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įThe Design in Nature

By Harun Yahya

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Published on 12th October, 2002

Birds: Structure and Flight

By Lydia Kelley. Courtesy of IFSA

ďDo they not see the birds committed to fly in the atmosphere of the sky? No-one holds them up in the air except Allah. This should be (sufficient) proof for people who believeĒ.  

Bird animation provided by IFSAThat birds can fly and so efficiently is miraculous. In order to work, such a flying machine must be amazingly lightweight and yet incredibly tough and strong. To take off and maintain flight, the bird canít be too heavy. Yet to survive the conditions faced in the air and the force of landing, it must be tough so as not to break on impact. These two qualities (lightness and toughness) are exactly how a bird is constructed.

The Skeletal Framework

The skeletal framework of a bird is rigidly interconnected with a very sturdy spinal column of fused vertebrae. The neck is strong but incredibly flexible as it must have the strength to support the head (keeping it motion-less when in flight) yet flexible and ready to swing it suddenly in any direction, bending far downward or up-ward to spot prey or predators. The number of vertebrae in a birdís neck varies from long-necked to short-necked birds.

This may sound obvious. But a mouse has the same number of cervical vertebrae as a giraffe (seven). Birds have a minimum of 11. Flexibility of the neck is achieved by a system of long bands of muscles and smaller muscles that are perfectly coordinated. From the slow turning of an owlís head to the flash of a heron catching a fish, itís a masterful machine.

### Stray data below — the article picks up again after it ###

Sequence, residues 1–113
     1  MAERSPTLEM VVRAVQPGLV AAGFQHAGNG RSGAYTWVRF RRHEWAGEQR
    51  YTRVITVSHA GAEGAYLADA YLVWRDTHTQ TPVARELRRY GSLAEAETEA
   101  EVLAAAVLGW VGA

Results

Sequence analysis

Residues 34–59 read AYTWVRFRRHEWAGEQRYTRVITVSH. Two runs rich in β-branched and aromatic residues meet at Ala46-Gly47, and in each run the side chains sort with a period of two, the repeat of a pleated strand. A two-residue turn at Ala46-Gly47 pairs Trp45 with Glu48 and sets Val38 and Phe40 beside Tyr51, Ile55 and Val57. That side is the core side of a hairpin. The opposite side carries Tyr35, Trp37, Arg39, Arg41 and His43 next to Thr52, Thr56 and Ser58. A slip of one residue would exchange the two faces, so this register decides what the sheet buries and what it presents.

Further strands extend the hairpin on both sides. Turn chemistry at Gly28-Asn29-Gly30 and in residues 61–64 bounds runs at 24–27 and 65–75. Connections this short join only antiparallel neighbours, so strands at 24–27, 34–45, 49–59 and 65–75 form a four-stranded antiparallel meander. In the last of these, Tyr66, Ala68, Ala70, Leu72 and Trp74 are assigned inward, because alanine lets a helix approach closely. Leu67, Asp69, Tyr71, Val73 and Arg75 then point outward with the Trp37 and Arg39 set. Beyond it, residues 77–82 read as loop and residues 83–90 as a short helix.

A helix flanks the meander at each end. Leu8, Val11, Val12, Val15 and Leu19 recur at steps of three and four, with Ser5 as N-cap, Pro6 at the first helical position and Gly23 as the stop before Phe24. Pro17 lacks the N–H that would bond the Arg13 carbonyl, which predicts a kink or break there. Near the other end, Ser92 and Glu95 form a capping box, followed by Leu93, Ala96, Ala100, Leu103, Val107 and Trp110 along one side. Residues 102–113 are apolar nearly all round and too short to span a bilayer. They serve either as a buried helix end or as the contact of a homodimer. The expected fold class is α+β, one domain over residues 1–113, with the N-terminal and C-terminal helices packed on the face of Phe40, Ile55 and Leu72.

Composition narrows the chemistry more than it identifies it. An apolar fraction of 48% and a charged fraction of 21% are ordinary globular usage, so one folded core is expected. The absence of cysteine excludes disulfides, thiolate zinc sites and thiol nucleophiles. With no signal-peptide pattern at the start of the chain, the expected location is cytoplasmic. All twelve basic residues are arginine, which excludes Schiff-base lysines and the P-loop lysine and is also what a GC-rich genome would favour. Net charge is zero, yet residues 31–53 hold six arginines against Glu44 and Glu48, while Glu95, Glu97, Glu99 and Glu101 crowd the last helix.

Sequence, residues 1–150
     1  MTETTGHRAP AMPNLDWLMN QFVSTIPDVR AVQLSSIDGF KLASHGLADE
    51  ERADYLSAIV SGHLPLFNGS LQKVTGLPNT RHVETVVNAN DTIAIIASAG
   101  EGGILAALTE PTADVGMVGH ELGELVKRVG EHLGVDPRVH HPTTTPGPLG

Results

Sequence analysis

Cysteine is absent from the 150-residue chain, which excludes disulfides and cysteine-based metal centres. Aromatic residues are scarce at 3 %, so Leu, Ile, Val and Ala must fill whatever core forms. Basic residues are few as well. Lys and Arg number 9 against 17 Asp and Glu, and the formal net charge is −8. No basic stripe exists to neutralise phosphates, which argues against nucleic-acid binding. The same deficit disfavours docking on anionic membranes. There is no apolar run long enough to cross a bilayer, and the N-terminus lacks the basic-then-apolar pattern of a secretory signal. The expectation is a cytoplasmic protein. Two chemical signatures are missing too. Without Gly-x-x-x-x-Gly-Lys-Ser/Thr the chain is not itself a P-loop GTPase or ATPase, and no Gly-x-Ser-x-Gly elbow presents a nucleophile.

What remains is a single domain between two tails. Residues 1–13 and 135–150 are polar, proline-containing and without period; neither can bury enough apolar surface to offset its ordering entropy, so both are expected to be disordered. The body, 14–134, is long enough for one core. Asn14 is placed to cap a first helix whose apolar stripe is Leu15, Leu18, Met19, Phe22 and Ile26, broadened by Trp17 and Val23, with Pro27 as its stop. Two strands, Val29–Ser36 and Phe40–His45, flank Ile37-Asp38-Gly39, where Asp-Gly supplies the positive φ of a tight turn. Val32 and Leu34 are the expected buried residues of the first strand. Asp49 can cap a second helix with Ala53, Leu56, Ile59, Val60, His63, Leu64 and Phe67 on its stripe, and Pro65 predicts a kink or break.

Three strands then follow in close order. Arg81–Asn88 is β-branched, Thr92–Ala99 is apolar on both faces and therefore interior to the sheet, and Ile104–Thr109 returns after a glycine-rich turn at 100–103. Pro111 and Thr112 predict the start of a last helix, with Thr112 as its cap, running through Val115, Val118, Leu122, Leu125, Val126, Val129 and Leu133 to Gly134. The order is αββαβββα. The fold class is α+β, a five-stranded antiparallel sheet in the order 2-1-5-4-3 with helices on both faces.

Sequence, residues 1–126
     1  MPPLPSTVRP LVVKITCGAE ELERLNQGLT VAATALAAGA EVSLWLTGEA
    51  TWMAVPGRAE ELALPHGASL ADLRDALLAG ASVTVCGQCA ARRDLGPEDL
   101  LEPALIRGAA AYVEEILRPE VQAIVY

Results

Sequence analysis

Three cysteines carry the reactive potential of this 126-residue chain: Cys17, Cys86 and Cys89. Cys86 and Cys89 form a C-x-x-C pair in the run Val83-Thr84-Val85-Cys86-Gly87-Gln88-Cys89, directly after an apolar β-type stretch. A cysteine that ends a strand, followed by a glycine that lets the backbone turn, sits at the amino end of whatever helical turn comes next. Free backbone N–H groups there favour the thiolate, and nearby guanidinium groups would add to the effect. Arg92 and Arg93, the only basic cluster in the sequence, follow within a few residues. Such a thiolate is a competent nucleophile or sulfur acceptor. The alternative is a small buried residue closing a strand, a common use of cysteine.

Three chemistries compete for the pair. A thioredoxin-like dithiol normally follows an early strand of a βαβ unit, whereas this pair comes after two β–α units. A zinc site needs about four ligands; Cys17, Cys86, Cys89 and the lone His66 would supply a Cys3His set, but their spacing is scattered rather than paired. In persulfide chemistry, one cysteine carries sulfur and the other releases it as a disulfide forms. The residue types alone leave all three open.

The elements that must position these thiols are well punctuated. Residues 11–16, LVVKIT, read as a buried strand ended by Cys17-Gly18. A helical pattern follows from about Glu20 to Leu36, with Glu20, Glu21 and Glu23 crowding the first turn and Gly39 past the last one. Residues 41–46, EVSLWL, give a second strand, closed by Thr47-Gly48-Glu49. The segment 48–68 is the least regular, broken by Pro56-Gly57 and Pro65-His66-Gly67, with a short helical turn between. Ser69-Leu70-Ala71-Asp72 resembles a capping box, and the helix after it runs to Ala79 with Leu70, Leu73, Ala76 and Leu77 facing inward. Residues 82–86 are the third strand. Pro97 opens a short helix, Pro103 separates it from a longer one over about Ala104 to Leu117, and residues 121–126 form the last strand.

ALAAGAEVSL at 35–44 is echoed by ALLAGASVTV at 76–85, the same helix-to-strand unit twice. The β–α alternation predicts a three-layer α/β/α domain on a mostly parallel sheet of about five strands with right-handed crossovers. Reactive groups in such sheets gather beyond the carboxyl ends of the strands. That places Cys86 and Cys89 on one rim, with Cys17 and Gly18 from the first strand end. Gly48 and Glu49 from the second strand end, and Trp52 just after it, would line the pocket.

Bones in the bird are hollow and thin-walled for lightness with internal struts for support. All weight is concentrated toward the centre of the bird. At that centre is a very large breastbone to which are attached the pectoral muscles, the mighty muscles which drive the wings. Flight muscles may account for 25-30 percent of a birdís weight, compared to pectoral muscles in the human which weigh less than one percent of total weight. These muscles working to drive the wings build up great heat. To counteract this, the bird has the most efficient respiratory system of any vertebrate. Rather than a single pair of lungs the bird has a system of air sacs throughout the body even in some of the hollow spaces in the bones. The air is taken in quickly to all important parts of the body and the birdís faster heartbeat provides rapid circulation.


Good eyesight is an important prerequisite of flight. A bird relies more heavily on vision than most animals. In some birds their eyes actually weigh more than their brains. Birds can see distant things as much as eight times more clearly than man can, and they also see close up much better. Most birds have both monocular and binocular vision. They can rely on what one eye sees close up and then count on sharper binocular vision for distances.

"Have they not seen the birds above them lined up in columns and spreading their wings? The Most Gracious is the One who holds them in the air. He is Seer of all things." 
(Quran 67:19)

Wings and Feathers

Most important to flight are the wings and feathers. The wing is really an arm with a large ball joint fitting into the socket in the shoulder. This is a specialized joint allowing great mobility. The way the bird can rotate as well as flap up and down gives the bird the ability to manoeuvre, slow down, change direction suddenly and land gracefully.